In “The Stolen Warriors,” a 2014 documentary that chronicled the statue’s return to Cambodia, Mr. Latchford said that prosecutors’ “imagination has gone wild” and told filmmakers of a secret video that would exonerate him, though he declined to share it.
“They have seen too many Indiana Jones films,” he said. “As far as I know, there is no such thing as a smuggling network, and I certainly don’t belong to any smuggling network.”
Cambodia has had laws in place forbidding the private acquisition of cultural artifacts since 1900, according to Tess Davis, a legal scholar and archaeologist, meaning any artifact acquired since then would have been obtained illegally. Auction houses vigorously dispute that legal reading, arguing relevant laws came into force as late as 1999.
In a 2011 paper, Ms. Davis found that 71 percent of the at least 377 Khmer artifacts sold at Sotheby’s auctions between 1988 and 2010 lacked any published ownership history and contended that none appeared to have entered the market legally.
Subsequent research by Ms. Davis untangled a sprawling trafficking network stretching from poor villagers to an internationally connected art dealer in Bangkok, whom they called the “‘Janus’ interface between the licit and illicit trades.”
Ms. Davis declined to comment on Ms. Wiener’s case.
Mr. Latchford has on several occasions spoken of an earlier, laxer era for collecting that connected high-profile clients with casually obtained artifacts.
In “The Stolen Warriors,” Mr. Latchford said that “in the ’50s, the ’60s, nobody questioned provenance…. Not for me or for anybody else.”
“I would show local governors a picture of a sculpture and ask them if they’d seen anything like it,” he told Apollo magazine in 2008. “One time the governor of Surin Province [in Thailand] said, ‘Oh yes, there’s one lying over there in the field. I bought it and brought it to Bangkok. John D. Rockefeller bought it. It’s now in the Asia Society in New York.”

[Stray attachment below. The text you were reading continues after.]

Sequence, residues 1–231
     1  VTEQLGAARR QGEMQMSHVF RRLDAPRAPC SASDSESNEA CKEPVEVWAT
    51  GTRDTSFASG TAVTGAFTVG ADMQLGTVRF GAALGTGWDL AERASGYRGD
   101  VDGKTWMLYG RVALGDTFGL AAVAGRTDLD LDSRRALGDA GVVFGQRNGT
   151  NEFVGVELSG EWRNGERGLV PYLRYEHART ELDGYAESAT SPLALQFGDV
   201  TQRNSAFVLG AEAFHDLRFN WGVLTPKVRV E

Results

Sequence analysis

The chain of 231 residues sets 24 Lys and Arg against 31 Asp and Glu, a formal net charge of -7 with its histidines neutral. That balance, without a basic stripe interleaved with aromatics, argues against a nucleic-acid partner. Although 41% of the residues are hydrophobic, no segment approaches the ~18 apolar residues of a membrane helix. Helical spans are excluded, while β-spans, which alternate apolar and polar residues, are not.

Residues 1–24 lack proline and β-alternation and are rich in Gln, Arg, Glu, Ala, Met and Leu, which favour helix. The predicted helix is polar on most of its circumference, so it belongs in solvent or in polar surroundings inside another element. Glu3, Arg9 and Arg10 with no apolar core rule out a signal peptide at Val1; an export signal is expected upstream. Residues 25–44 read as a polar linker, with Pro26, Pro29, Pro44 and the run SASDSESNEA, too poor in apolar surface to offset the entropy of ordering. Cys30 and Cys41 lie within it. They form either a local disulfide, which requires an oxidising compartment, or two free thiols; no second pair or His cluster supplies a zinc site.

“With the Khmer Rouge, availability finished till 1981,” Mr. Latchford told Apollo. “Subsequently, there has been more control by the authorities over farmers digging. The big supply is I think finished, good pieces will come only from time to time.”
The sentiment has made art preservationists wary.
Anne LeMaistre, Unesco’s representative to Cambodia, told The New York Times in a 2012 interview that one of Mr. Latchford and Ms. Bunker’s books is more or less “the inventory of the missing cultural patrimony of Cambodia.”
Other museums have raised questions about items that they acquired through Mr. Latchford.
In June 2013, the Metropolitan Museum of Art returned two 10th-century statues that were believed to have been plundered from the Koh Ker complex in the 1970s and which had been donated by Mr. Latchford and other collectors.
Artifacts donated by Mr. Latchford of dubious provenance appear in museums and private collections around the world, according to journalist Jason Felch, who runs the Chasing Aphrodite website and wrote the book “Chasing Aphrodite: The Hunt for Looted Antiquities at the World’s Richest Museum.”
Mr. Felch characterized the suit against Ms. Wiener as the most important criminal case in the antiquities trade since 2001.
“The arrest of a prominent dealer sends a clear signal that the antiquities market continues to [be] flooded with stolen property,” he wrote in an email.
In a 2012 interview with the Times, then-81-year-old Mr. Latchford said he made his fortune in the pharmaceutical and property industries, and cited a fortune teller explaining that “in a previous life I had been Khmer, and that what I collect had once belonged to me.”
Mr. Latchford also served as president of the South East Asian Bodybuilding Federation and honorary patron of the Asian Bodybuilding and Physique Sports Federation (ABPSF), whose website shows him accepting a royal order from the Cambodian government for generous donations of statues and conservation efforts to the National Museum.
Hab Touch, director of tangible cultural heritage for the Culture Ministry, estimated that Mr. Latchford and his colleagues had donated some $500,000 to improve the museum’s lighting. Mr. Touch said that his primary focus was the return of the plundered objects, but he was not interested in discussing Mr. Latchford.
“This is our main interest: that we work hard for the return of the pieces that have been lost,” he said in December.
Mr. Latchford has claimed in the past that he agrees with the sentiment.
“I feel strongly pieces should be in the place they belong,” he told The Phnom Penh Post in 2008, after making his third donation to the National Museum.
“In the speech I gave at the handover, I urged others to donate back too,” he said. “No one has come forward yet. They seem a bit reluctant.”